Herein lies a rather common problem in computer science.  Writing software to do fun things in simulations is easy.  Applying it to solve real world problems by designing, manufacturing, marketing and selling a real physical product is hard.  Thus for the first 2 days of my search I could not find any devices to allow me to control my lights via UPnP.

During the first two days of searching I did learn a lot.  Here is a quick summary/FAQ of how modern “Smart Homes” work: (Smart meaning networked and remotely controllable)

  • Smart devices in the home do not often connect to the WLAN, let alone expose themselves as UPnP devices.
  • Instead, they use mesh networking.
  • There are several common mesh network protocols.   Z-Wave, X10, Insteon to name a few.
  • Once you deploy a bunch of Z-Wave (or other) mesh devices you need to deploy a “base station” of sorts which can control all of the devices and which MAY connect/bridge to the LAN.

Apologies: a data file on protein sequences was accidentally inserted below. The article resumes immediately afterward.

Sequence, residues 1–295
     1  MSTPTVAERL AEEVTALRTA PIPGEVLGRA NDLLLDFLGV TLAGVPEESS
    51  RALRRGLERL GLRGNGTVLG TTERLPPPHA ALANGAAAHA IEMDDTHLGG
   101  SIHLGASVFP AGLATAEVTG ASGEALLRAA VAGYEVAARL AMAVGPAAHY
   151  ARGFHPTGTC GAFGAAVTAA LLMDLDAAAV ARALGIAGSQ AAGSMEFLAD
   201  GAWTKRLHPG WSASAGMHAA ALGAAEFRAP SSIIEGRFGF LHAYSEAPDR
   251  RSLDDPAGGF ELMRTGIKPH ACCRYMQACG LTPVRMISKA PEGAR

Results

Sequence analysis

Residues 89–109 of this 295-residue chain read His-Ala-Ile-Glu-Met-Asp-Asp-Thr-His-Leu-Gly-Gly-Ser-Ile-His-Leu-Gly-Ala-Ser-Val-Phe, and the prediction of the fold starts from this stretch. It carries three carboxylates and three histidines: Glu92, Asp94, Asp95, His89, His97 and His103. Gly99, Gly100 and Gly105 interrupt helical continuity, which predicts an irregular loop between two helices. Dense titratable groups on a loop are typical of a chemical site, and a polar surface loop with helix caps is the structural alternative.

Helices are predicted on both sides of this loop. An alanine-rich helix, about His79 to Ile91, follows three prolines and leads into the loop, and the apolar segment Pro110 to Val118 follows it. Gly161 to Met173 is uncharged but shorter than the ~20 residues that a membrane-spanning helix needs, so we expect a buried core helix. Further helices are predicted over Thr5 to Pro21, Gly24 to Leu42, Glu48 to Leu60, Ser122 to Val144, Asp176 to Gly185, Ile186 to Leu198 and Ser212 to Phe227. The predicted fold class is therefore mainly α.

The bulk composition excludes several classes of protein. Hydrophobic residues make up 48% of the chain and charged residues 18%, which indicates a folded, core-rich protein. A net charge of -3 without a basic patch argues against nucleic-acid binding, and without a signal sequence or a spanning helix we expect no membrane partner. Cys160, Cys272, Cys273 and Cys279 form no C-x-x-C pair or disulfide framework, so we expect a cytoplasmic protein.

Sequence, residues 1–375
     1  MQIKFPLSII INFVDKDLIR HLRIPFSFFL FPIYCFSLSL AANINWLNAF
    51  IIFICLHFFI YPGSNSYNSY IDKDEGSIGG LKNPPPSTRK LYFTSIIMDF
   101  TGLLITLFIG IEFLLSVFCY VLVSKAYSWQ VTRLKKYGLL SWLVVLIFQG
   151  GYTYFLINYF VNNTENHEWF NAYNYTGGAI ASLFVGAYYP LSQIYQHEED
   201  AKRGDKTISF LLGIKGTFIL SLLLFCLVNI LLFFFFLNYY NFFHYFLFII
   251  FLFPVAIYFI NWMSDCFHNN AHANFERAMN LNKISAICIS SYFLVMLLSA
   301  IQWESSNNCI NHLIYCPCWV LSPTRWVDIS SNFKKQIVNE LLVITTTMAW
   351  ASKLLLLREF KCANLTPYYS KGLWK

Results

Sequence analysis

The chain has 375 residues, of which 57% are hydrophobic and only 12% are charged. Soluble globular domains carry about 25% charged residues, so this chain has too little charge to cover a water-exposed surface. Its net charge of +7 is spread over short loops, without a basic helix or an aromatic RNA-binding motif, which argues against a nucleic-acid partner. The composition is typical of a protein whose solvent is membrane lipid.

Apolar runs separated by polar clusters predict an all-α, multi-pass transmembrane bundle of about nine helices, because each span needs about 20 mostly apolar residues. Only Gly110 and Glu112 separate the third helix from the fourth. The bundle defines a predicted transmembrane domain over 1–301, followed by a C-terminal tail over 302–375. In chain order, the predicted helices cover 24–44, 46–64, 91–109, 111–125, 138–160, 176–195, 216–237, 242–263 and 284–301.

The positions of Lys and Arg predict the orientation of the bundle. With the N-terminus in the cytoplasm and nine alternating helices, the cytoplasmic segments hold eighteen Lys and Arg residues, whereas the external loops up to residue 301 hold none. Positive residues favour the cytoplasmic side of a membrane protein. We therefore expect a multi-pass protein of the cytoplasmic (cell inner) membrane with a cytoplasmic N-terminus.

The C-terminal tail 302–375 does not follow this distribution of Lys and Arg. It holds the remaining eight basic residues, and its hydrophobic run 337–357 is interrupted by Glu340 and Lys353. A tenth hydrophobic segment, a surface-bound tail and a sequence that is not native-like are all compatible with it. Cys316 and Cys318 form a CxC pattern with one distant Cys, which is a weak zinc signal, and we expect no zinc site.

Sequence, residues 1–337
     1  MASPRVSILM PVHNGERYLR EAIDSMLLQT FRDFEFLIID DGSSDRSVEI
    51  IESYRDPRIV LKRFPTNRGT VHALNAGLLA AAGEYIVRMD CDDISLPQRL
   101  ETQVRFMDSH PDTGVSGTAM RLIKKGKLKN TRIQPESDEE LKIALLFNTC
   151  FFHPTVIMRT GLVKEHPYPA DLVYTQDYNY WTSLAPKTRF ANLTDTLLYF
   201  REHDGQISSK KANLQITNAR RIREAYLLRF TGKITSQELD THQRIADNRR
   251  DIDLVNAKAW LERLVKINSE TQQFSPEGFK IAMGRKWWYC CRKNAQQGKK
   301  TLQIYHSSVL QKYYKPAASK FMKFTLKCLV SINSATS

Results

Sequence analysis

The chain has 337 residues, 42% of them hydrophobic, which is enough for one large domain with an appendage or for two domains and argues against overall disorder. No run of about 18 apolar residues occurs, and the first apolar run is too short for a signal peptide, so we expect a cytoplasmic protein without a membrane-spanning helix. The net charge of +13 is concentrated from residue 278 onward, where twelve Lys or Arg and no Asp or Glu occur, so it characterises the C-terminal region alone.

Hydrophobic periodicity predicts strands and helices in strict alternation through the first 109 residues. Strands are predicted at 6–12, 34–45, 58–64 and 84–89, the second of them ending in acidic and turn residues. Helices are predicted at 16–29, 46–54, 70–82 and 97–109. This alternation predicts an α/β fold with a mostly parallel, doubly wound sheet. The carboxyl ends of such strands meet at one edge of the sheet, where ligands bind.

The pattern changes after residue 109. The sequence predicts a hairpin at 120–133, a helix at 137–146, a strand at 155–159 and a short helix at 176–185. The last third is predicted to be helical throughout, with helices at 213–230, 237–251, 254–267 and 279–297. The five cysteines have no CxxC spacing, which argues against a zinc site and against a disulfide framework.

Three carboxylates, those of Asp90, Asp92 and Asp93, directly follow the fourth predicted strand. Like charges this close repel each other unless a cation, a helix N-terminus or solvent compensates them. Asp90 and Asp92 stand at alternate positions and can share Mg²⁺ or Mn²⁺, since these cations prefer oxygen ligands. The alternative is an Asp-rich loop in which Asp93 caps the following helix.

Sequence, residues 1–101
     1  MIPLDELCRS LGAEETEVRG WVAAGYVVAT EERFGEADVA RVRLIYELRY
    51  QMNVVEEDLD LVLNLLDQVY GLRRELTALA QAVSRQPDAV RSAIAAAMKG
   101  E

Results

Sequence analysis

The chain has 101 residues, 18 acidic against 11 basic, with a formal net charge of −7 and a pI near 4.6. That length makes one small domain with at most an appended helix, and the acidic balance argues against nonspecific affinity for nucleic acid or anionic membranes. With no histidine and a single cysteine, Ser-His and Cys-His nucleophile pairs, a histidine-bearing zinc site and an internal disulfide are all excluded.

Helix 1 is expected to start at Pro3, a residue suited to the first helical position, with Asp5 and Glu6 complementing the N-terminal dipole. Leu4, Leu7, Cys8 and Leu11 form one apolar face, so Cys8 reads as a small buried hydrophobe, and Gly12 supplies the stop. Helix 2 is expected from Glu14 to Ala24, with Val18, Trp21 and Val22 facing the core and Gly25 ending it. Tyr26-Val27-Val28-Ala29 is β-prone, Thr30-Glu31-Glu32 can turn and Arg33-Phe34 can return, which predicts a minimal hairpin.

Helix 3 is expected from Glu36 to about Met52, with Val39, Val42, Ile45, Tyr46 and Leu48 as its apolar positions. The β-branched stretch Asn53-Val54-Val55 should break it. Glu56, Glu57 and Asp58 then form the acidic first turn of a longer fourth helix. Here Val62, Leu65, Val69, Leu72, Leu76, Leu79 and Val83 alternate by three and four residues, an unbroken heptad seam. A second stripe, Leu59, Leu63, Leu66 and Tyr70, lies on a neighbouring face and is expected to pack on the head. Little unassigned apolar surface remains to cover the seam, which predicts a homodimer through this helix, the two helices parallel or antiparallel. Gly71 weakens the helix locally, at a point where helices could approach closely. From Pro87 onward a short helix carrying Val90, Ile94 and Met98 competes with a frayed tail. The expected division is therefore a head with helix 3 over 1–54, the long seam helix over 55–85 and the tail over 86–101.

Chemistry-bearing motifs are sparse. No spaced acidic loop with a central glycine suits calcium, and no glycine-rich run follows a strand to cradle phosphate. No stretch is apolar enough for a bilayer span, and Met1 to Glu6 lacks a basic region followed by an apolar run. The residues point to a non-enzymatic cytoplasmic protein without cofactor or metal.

• Most base stations come with their own software to interact with via a browser or other proprietary mechanism.

Last night at about 3AM, on the verge of giving up my search, I found  They have a device, called the Vera, which looks to do exactly what I want!  I posted a quick question on their forums confirming that the device does what I had hoped (exposing each Z-Wave device as its own UPnP discoverable device). Turns out it does!   Here is a response from Javier, an “administrator” of the micasaverde forums.

Yep, that’s the main point.

Every device attached to Vera gets a full UPnP description and identification. Even for internal programming, everything is done using UPnP references.

In fact, writing device plugins (to get new devices attached to Vera) is mostly writing Lua code to join UPnP actions and state variables with the real-world device control interface.

To boot it looks like Vera is low power and designed for energy savings.  It also runs on a (mostly, from what I can tell) open source Linux stack.  Rock on!

Looks like I’ll be getting myself a Vera for my birthday (next week) and, with any luck, a week or two later posting another application to Maemo extras-devel that can control Z-Wave devices via a Vera!

Update: Turns out you can SSH into your Vera too.  I’m starting to build a collection of embedded Linux/OpenSSH servers around my house 🙂 (Chumby, Vera, N900 etc.)

Zhaan now available in extras-devel!